Monday, August 03, 2009

High Court Judges' disclosure of assets

Last year there was a report in the Hindu saying that the Tamil Nadu High CourtJudges have agreed to disclose their assets. But the Chief Justices said that these records cannot be accessed under the Right to Information act, 2005. I wondered how the Chief Justice can make such a statement without passing appropriate rules. So I filed an RTI to know the status of how many judges have declared assets so far and the copies of those declarations. I did not get any reply for a month and so I filed a first appeal. Since I did not get a reply even for my first appeal, I filed a second appeal on 4th February 2009 with the State Information Commission. To this I received a 2 sentence order from the Commission in which the PIO was asked to give me the information I had asked for.I went and enquired which commissioner it was who passed such a direction.

So I went and confronted him as to why he did not issue a SCN. I also told him bluntly that such an order will not have any effect, and also that he was legally wrong and that he should have issued a SCN since there was already a delay. First he tried to confuse me saying, that the prime intention of the RTI act was to get information and so that was his priority. He said that penalising will come in later. When I persisted that he should have penalised, he said that since the order is a formal order issued by the Commission, he will not allow me to discuss it. He also told me that if I was not happy with the order, then I had to file a writ in the High Court. I told him that it was not just about my order, but also about the general practice of sending such useless directions in many cases. If the directions have no effect, then we need to complain again to the commission which means another 8 month wait. He refused to talk anything about this, and told me that he will not discuss a formal order since his was a judicial forum. I tried a couple of times, but he did not budge. So I walked away.

After coming back from the Commission, I did some amount of checking on various aspects with respect to what the Chief Commissioner told me. I talked to RTI activists from Kerala, Andhra Pradesh and Maharashtra and learnt that Tamil Nadu is the only state where directions are given without a hearing. The essential points of what I learnt were.

1. First of all, is the question of whether the State Information Commission is a judicial or a quasi judicial body? This is important since this is what decides whether the Information Commission can pass orders without giving an opportunity to the parties to present their cases. There seems to be a strong consensus among lawyers and activists, that the Information Commissions are indeed Quasi-Judicial bodies and hence that is how they have to be dealt with.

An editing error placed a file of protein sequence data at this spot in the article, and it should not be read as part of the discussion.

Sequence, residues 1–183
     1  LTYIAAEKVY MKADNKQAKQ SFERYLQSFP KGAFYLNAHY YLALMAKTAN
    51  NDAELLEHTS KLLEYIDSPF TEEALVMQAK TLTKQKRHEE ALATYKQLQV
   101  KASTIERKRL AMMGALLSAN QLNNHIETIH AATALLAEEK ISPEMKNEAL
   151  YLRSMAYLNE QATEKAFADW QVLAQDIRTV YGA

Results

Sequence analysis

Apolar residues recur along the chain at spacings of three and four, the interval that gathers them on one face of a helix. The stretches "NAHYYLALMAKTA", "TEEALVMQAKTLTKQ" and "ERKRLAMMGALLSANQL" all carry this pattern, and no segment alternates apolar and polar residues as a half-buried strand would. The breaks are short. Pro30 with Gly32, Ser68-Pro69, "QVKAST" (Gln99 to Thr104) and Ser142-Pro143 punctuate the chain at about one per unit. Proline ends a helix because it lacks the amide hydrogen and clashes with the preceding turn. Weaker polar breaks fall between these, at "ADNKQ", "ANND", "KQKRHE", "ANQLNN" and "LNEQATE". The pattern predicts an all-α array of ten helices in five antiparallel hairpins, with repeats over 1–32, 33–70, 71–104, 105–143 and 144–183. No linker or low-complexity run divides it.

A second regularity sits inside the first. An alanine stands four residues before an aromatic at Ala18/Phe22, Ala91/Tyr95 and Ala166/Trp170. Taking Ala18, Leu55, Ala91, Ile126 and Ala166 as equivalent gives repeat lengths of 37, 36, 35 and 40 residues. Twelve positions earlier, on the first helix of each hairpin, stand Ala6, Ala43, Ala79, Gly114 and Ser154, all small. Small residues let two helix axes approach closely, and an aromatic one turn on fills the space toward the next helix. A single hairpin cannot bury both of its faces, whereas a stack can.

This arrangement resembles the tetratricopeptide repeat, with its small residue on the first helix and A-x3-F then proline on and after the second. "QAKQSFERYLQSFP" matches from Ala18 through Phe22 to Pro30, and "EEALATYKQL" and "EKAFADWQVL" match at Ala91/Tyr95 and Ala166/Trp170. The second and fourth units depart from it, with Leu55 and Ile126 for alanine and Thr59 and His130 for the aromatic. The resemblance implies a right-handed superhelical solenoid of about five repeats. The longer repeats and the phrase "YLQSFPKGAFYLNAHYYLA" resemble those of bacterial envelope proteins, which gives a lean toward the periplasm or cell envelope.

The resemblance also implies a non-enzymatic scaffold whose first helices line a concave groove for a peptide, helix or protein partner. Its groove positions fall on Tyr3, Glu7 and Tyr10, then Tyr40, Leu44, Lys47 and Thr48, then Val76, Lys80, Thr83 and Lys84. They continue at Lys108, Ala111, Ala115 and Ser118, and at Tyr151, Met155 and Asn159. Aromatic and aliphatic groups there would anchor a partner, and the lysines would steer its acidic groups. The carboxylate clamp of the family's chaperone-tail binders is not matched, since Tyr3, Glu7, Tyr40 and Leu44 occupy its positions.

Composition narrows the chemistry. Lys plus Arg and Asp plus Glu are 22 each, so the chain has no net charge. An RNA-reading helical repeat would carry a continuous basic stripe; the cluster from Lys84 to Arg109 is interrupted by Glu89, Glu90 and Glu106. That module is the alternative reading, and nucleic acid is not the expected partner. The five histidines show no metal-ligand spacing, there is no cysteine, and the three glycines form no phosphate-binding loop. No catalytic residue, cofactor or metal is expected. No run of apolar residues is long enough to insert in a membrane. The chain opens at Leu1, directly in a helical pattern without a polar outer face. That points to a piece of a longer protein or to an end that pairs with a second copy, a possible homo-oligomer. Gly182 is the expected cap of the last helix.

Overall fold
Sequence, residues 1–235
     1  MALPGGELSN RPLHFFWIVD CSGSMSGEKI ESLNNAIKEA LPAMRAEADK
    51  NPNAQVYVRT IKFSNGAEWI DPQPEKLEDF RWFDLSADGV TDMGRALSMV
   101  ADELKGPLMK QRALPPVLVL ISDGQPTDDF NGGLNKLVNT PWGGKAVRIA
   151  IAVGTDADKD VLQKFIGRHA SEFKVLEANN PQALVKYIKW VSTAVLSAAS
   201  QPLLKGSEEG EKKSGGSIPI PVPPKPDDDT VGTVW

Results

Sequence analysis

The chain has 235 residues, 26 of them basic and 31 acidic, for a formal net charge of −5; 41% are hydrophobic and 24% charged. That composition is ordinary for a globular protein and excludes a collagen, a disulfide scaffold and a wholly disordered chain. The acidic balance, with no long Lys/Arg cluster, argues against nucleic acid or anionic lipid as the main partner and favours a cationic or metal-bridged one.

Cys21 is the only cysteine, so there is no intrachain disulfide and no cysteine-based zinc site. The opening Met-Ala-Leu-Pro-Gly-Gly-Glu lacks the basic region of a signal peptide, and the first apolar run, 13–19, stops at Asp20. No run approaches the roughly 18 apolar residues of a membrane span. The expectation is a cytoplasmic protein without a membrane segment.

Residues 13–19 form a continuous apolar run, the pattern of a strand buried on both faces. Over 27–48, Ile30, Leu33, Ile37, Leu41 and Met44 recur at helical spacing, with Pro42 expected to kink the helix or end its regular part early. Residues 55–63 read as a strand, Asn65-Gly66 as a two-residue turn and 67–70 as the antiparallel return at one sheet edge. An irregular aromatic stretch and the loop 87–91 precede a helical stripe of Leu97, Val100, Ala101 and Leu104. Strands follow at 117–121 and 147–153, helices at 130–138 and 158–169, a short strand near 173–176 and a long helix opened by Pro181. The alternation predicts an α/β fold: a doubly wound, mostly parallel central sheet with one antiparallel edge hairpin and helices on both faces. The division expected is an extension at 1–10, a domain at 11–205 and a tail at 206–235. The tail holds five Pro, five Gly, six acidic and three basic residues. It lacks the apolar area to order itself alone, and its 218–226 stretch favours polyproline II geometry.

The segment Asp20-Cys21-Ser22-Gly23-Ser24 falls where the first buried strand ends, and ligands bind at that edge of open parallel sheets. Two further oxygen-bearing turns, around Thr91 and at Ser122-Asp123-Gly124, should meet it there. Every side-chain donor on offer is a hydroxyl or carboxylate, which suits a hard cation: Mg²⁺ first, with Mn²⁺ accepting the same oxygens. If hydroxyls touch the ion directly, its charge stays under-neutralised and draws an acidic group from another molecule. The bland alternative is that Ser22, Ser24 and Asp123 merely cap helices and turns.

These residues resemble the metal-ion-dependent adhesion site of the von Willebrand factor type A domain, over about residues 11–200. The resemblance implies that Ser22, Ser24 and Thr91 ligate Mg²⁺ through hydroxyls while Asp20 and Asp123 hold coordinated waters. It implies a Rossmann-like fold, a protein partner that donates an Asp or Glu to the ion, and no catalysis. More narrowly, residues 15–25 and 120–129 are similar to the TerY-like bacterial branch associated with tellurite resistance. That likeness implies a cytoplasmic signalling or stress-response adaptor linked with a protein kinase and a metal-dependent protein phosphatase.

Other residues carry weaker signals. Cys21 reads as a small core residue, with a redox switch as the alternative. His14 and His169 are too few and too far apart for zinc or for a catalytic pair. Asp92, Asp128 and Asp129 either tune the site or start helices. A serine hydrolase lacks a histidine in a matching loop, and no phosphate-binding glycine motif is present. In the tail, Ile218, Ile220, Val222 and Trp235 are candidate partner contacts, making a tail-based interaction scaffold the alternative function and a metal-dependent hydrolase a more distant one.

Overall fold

2. There are two consequences of it being a quasi-judicial body. The first one is that the Chief SIC was correct in his stand that he cannot discuss his order with me without the other party being present. But the second, and the more important, consequence, is that quasi-judicial bodies cannot pass orders without giving the parties an opportunity for hearing. In my specific case and in most other cases where orders are passed without a hearing at the Commission, the commission's orders are favourable to the applicant in that, the order says that the information has to be disclosed. Though we might think that the SIC is erring in our favour, the problem is that if the PIO does not comply with this, we have to file a follow-up again with the SIC which will again take 8-10 months (in addition to the delay already had for getting the written order). In case of hearings, we can at least insist on a Show Cause for penalty. But since these written orders are passed without any hearings, we cannot even insist on that.

As a consequence of this being a quasi Judicial body, the SIC should not pass such orders. This has been clearly established in the Supreme Court judgment that can be found here. Please read point number 35 of the judgment. Thus, a second problem with such orders is that though it is in our favour, the order becomes illegal since no hearing was done. Thus if this order goes to the high court, our case will become very weak if there was no hearing. As far as I have checked, no other state in India or the CIC passes orders without a hearing. Tamil Nadu is the only state where this practice is followed. For both these reasons, I think I should insist on a hearing. I realise that given the present backlog of cases, it is impractical to have a hearing in all cases, but I really wonder if that is a good enough justification for allowing the SIC do something that is illegal.

I think such a practice of passing orders which dont carry Show Cause Notices for penalties, is detrimental to the RTI act in the state, since it doubles the time taken to resolve a case. In my case, what I did was this. Sometime back, I remember Mr.Krishnaraj Rao an RTI activist from Maharashtra, using section 4(1)(d) of the Right to Information act, which says that

“Every Public Authority shall provide reasons for its administrative or quasi-judicial decisions to affected persons”.

So I gave a letter to the Public Information Officer of the State Information Commission with a copy to the Chief Commissioner asking me to give reasons for not imposing Show Cause Penalty and not stipulating time limits for the High Court within which they should furnish information. Let me see what happens on thursday.

While on this issue of Judges assets declaration, it has come has a real good news, that the Judges assets bill, which prevented public access of the assets declaration statements of judges has been withdrawn (at least for now).

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